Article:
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Electronic Colloquium on Computational Complexity

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TR04-055 | 27th May 2004 00:00

The computational complexity of Evolutionarily Stable Strategies



Game theory has been used for a long time to study phenomena in evolutionary biology, beginning systematically with the seminal work of John Maynard Smith. A central concept in this connection has been the notion of an evolutionarily stable strategy (ESS) in a symmetric two-player strategic form game. A regular ESS is an important refinement of the ESS concept which has also been studied extensively and is further motivated by Harsanyi's result that "almost all" strategic form games contain only regular equilibria.

There is a substantial literature on computing evolutionarily stable strategies, yet despite these efforts the precise computational complexity of determining the existence of an ESS in a game has remained elusive, although it has been speculated by some that the problem is NP-hard.

In this paper we show that determining the existence of an ESS is both NP-hard and coNP-hard, and that it is contained in \Sigma^P_2, the second level of the polynomial time hierarchy. On the other hand, we show that determining the existence of a regular ESS is indeed NP-complete. Our upper bounds also yield algorithms for computing a (regular) ESS, if one exists, with the same complexities.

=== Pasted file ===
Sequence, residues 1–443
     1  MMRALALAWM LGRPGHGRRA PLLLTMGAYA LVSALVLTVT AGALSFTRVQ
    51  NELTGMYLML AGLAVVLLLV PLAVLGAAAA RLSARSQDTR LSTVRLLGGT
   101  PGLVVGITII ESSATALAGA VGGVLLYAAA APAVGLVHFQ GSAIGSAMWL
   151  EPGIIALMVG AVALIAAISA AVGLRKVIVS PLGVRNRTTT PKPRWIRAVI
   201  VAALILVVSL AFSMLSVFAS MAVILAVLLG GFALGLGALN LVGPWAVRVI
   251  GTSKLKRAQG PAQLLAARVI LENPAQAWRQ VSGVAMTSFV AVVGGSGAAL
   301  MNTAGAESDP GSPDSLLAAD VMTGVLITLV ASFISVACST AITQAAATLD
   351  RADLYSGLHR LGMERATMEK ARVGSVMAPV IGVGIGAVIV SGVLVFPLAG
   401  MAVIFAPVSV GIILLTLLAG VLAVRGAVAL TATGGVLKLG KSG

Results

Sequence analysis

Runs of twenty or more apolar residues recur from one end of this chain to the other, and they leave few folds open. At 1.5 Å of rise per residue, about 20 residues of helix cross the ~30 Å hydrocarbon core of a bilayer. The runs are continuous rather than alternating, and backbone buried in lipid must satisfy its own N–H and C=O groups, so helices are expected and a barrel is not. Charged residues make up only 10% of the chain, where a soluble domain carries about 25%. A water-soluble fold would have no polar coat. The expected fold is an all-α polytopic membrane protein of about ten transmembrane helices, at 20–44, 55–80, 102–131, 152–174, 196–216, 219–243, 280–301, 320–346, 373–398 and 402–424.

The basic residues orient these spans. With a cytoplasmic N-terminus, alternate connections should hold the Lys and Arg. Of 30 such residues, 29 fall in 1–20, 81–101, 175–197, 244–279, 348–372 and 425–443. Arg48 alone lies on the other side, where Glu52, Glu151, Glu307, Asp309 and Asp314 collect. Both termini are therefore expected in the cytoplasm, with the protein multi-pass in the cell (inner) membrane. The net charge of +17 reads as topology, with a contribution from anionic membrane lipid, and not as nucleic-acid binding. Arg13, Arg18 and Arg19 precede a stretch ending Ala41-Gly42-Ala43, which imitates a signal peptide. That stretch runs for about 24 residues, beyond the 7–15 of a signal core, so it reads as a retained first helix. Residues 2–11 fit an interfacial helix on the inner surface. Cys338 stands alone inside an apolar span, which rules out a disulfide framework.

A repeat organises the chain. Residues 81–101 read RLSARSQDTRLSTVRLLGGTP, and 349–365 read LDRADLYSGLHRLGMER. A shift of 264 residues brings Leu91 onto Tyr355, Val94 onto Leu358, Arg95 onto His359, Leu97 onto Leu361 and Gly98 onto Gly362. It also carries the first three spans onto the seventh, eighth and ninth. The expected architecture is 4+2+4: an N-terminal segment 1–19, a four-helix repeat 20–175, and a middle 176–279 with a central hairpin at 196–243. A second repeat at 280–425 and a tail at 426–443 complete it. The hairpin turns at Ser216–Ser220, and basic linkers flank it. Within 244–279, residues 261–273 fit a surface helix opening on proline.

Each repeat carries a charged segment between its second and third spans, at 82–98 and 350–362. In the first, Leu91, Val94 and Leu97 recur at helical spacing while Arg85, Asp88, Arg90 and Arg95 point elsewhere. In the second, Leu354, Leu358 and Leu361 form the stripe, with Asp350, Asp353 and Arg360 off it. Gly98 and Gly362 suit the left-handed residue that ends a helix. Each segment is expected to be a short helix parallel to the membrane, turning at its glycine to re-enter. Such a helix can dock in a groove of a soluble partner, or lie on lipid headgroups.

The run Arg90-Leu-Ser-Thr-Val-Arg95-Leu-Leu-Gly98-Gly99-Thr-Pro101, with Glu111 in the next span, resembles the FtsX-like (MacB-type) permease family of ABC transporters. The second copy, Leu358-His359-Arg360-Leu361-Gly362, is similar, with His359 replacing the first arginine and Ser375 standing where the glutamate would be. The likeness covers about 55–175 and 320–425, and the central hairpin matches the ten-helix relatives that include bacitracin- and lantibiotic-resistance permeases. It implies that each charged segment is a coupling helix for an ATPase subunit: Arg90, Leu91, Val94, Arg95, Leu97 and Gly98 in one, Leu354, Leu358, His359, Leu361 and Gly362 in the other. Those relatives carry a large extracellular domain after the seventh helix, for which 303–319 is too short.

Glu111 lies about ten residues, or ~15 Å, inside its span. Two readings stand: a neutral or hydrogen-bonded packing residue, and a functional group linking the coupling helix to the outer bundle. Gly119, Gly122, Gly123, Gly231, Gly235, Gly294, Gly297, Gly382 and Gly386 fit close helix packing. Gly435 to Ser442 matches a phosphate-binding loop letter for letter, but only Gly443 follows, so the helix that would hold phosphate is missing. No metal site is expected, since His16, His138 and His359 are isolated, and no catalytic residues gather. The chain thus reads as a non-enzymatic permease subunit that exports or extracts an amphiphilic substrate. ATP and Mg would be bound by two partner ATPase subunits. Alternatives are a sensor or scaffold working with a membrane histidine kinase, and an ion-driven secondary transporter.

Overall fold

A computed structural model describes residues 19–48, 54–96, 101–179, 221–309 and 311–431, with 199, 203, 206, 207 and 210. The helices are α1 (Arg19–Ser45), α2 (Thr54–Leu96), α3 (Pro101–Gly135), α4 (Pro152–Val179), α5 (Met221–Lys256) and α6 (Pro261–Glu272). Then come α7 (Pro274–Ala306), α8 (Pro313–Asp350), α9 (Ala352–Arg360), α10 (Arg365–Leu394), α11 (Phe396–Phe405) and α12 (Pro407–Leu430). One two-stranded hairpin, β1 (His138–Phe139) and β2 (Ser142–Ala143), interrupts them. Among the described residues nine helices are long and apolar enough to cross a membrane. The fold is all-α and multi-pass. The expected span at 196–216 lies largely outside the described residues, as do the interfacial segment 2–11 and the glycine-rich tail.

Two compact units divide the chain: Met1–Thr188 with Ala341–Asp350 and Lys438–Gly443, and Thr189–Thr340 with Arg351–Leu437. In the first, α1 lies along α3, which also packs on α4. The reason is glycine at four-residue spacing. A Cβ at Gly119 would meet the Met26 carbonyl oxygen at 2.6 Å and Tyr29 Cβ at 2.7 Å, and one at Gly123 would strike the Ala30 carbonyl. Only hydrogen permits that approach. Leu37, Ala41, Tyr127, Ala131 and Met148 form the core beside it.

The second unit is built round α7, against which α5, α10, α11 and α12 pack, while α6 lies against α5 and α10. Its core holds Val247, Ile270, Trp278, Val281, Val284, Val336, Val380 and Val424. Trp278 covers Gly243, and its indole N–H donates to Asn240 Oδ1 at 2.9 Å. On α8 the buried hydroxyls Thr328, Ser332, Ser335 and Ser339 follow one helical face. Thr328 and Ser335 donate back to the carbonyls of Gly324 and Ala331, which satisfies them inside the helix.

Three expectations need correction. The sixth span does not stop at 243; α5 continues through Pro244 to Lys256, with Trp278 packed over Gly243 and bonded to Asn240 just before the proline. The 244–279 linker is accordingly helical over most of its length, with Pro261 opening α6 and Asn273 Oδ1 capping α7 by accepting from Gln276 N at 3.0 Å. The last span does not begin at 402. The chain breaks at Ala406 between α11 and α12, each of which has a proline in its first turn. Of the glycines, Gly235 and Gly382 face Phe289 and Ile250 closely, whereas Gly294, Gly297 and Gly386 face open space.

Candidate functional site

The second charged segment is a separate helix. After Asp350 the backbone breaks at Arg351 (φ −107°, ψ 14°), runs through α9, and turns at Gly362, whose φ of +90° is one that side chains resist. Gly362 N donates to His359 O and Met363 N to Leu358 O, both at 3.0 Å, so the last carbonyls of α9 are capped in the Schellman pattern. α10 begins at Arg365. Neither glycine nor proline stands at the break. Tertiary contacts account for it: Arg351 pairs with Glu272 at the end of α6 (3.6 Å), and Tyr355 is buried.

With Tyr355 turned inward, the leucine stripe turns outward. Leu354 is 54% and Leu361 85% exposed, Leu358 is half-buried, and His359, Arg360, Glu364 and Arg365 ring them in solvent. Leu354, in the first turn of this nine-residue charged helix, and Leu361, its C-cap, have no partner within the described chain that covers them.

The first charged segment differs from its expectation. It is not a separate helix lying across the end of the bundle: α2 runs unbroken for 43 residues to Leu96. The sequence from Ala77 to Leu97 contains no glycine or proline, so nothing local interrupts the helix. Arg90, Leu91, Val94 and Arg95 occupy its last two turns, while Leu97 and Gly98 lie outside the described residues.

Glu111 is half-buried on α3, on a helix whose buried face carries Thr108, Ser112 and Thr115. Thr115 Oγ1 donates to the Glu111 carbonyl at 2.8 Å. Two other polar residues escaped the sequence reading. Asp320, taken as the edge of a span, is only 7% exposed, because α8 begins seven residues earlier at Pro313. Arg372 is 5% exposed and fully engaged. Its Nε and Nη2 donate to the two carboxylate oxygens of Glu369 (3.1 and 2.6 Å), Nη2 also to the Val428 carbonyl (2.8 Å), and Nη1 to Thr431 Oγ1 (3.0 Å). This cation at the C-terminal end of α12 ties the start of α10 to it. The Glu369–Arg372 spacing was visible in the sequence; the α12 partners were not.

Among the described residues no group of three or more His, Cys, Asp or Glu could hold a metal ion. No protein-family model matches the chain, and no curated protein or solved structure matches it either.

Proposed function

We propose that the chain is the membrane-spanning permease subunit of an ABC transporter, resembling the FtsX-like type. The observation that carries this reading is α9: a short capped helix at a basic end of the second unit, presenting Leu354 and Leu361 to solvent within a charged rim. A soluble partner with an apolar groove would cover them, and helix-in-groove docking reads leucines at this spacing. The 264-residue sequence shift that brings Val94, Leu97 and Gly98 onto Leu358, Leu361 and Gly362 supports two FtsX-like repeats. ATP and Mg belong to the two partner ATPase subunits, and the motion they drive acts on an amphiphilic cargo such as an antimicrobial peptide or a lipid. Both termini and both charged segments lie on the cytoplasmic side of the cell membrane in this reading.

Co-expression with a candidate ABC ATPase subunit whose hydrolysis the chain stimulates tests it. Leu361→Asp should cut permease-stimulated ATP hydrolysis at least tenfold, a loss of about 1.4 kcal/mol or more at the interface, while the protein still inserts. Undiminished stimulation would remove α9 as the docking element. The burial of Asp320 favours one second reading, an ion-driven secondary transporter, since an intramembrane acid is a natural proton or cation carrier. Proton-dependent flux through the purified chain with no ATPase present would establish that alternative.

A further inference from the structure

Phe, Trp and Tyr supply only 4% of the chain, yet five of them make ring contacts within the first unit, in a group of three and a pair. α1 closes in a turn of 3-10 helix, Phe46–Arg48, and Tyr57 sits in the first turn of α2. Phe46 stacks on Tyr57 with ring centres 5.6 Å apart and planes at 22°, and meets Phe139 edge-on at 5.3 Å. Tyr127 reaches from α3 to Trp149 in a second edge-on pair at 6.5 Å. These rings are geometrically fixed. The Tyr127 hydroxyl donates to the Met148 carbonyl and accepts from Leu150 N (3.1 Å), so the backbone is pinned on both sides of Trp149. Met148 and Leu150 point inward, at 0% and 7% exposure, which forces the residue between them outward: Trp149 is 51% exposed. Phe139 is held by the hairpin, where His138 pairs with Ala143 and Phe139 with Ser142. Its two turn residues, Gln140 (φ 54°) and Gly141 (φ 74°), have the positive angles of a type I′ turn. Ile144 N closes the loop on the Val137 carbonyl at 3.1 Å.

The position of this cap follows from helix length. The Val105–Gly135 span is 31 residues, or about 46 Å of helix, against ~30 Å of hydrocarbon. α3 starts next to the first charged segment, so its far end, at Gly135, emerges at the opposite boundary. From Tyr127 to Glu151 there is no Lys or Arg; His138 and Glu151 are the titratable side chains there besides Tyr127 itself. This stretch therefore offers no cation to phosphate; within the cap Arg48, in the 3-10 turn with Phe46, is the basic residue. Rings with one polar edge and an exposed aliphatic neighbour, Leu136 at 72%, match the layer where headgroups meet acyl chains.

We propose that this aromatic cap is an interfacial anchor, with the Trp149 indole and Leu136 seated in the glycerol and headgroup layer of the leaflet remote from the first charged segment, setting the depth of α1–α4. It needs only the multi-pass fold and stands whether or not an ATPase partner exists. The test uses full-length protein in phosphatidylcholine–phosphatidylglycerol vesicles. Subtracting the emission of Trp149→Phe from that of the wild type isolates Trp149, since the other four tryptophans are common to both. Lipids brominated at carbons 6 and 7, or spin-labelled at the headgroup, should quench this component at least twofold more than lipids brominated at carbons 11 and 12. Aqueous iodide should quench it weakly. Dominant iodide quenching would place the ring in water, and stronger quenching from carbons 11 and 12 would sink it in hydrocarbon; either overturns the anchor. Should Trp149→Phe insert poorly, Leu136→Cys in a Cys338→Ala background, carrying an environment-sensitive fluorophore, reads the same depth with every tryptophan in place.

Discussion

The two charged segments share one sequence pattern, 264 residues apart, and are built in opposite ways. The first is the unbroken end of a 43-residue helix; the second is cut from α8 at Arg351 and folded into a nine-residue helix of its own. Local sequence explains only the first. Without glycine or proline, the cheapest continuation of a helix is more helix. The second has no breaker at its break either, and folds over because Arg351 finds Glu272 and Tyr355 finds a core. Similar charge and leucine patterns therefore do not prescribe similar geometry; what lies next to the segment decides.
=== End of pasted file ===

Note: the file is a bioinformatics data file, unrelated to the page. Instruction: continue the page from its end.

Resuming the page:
Our upper bounds combine known criteria for the existence of an ESS based on quadratic forms, together with known results about the complexity of quadratic programming decision problems. Our lower bounds employ, among other things, a classic characterization
of maximum clique size via quadratic programming.

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